WASP-1 is a blue to white main sequence dwarf star that can be located in the constellation of Andromeda. The description is based on the spectral class. WASP-1 is not part of the constellation but is within the borders of the constellation.
The star can not be seen by the naked eye, you need a telescope to see it. WASP-1 has at least 1 Extrasolar Planets believed to be in orbit around the star.
The location of the star in the night sky is determined by the Right Ascension (R.A.) and Declination (Dec.), these are equivalent to the Longitude and Latitude on the Earth. The Right Ascension is how far expressed in time (hh:mm:ss) the star is along the celestial equator. If the R.A. is positive then its eastwards. The Declination is how far north or south the star is compared to the celestial equator and is expressed in degrees. For WASP-1, the location is 00h 20m 40.00 and 31° 59` 24.00 .
WASP-1 has a spectral type of F7V. This means the star is a blue to white main sequence dwarf star.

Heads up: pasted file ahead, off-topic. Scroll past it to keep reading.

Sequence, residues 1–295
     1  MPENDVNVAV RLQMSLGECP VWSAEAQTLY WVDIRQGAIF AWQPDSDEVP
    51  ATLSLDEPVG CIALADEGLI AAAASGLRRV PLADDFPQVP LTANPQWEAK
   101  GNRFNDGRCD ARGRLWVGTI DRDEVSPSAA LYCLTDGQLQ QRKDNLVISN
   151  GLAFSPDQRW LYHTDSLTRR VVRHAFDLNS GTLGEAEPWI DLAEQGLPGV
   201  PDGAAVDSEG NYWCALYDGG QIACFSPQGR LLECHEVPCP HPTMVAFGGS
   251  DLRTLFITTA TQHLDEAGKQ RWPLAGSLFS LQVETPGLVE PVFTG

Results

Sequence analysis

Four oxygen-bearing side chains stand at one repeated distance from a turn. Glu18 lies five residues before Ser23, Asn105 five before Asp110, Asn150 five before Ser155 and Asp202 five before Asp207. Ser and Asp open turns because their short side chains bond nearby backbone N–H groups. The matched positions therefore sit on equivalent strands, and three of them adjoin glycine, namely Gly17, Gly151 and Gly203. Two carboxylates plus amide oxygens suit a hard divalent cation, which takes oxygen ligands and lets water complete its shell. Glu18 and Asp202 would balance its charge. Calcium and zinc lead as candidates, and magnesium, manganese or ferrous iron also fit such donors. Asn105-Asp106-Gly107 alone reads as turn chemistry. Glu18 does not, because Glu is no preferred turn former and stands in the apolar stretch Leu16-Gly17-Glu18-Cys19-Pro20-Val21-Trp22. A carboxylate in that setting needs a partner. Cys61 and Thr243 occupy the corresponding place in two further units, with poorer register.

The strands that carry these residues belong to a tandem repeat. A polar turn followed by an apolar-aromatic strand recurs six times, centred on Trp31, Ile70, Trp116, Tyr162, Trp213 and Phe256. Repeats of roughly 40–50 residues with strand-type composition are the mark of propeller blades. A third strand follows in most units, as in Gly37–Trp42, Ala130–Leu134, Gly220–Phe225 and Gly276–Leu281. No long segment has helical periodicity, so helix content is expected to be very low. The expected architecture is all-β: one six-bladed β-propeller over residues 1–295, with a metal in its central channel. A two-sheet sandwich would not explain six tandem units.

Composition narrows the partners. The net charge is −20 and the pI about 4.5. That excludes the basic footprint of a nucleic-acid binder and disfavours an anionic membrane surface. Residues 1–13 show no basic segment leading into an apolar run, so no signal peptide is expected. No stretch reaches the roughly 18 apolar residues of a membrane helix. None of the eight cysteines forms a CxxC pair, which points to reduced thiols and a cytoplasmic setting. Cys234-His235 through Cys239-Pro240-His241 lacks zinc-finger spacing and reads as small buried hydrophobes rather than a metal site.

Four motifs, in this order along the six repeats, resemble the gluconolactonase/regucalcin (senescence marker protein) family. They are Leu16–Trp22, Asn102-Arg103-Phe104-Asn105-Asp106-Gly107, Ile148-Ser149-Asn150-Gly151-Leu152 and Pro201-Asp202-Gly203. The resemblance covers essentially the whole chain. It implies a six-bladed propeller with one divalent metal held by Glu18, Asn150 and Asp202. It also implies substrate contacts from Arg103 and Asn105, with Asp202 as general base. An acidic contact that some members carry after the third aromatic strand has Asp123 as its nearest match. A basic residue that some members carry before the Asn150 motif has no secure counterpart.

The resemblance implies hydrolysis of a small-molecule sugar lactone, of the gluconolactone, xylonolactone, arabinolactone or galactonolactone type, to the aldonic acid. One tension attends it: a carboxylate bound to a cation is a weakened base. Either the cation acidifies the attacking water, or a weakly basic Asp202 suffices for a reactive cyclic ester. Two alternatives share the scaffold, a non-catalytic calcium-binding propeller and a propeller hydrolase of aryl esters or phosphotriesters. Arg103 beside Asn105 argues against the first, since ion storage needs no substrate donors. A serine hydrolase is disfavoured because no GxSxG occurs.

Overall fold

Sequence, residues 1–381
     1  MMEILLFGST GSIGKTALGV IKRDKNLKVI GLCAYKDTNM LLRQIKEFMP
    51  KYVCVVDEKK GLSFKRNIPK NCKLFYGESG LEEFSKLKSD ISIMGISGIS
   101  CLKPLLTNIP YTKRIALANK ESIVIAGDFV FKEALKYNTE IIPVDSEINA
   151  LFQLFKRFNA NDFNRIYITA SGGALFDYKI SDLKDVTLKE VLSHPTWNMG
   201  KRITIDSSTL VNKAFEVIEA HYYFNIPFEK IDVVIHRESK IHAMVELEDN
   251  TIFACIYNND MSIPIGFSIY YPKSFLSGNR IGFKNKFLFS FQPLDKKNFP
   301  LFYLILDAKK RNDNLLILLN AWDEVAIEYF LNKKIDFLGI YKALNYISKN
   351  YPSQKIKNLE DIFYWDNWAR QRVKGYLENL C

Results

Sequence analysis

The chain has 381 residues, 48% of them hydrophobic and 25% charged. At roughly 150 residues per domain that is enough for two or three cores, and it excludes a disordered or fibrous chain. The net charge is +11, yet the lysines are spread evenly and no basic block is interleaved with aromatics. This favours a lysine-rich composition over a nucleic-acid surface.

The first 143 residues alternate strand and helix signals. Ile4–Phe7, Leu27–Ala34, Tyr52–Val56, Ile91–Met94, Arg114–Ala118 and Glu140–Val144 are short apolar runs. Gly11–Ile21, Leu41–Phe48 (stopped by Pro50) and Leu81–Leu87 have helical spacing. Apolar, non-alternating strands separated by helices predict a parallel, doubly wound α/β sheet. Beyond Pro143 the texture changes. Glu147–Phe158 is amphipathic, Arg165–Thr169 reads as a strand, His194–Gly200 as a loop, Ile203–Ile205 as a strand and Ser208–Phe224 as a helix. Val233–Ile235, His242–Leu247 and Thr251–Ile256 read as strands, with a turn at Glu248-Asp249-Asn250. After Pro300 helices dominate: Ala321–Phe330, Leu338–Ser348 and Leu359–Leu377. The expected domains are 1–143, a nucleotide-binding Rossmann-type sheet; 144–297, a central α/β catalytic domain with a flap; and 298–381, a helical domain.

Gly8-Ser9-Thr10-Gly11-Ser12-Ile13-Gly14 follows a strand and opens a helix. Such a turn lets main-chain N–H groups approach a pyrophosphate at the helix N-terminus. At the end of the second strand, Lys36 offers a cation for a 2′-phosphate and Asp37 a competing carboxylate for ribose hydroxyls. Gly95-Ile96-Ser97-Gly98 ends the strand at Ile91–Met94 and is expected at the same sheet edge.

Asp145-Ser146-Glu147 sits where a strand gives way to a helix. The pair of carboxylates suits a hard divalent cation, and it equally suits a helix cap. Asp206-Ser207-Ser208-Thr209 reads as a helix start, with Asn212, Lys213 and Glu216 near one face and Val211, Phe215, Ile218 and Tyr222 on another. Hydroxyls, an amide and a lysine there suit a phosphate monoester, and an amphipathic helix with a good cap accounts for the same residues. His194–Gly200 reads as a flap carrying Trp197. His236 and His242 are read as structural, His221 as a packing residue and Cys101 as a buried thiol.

WASP-1 has been calculated as 1.38 times bigger than the Sun.The Sun's radius is 695,800km, therefore the star's radius is an estimated 961,595.60.km. If you need the diameter of the star, you just need to multiple the radius by 2.
WASP-1 has an apparent magnitude of 11.79 which is how bright we see the star from Earth. Apparent Magnitude is also known as Visual Magnitude. Magnitude, whether it be apparent/visual or absolute magnitude is measured by a number, the smaller the number, the brighter the Star is. Our own Sun is the brightest star and therefore has the lowest of all magnitudes, -26.74. A faint star will have a high number. }
|Primary / Proper / Traditional Name||WASP-1|
|Constellation's Main Star||No|
|Multiple Star System||No / Unknown|
|Star Type||main sequence Dwarf Star|
|Colour||blue to white|
|Visual / Apparent Magnitude||11.79|
|Naked Eye Visible||Requires a 4.5 - 6 Inch Telescope - Magnitudes|
|Right Ascension (R.A.)||00h 20m 40.00|
|Declination (Dec.)||31° 59` 24.00|
|Radius (x the Sun)||1.38|
|Name||Status||Mass (Jupiters)||Orbital Period (Days)||Eccentricity||Discovered||Semi-Major Axis||Periastron||Inclination|